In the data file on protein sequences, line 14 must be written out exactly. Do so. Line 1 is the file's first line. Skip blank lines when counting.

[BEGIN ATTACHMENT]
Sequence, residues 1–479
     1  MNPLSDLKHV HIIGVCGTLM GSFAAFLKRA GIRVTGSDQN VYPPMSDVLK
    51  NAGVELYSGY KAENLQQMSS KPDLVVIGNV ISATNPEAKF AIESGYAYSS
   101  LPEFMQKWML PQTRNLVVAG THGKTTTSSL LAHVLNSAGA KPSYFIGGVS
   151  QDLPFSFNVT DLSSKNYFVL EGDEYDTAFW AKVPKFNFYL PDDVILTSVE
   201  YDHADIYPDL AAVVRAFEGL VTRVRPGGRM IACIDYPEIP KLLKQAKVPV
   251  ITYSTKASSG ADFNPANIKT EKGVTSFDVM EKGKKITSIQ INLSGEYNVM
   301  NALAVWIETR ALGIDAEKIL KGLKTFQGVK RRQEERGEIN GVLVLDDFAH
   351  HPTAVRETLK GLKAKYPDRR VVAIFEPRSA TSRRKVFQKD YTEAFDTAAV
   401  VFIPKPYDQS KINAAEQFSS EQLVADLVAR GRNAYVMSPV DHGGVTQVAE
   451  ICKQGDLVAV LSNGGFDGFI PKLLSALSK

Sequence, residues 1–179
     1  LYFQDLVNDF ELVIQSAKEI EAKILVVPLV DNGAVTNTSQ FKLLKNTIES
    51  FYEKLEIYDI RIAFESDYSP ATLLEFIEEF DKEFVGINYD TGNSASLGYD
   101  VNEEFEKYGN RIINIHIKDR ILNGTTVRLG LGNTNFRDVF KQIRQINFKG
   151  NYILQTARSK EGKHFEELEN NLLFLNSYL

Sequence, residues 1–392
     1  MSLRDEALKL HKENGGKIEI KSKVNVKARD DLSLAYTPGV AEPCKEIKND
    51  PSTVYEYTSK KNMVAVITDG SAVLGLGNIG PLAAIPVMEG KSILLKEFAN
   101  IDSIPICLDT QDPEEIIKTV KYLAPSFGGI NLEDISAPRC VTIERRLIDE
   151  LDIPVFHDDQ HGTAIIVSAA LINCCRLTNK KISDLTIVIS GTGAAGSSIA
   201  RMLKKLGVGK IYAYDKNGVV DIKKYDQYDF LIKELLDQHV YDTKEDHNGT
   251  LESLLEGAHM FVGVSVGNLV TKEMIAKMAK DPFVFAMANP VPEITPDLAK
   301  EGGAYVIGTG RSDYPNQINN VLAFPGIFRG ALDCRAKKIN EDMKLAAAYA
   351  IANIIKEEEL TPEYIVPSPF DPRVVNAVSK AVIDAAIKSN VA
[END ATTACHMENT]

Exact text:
    51  FYEKLEIYDI RIAFESDYSP ATLLEFIEEF DKEFVGINYD TGNSASLGYD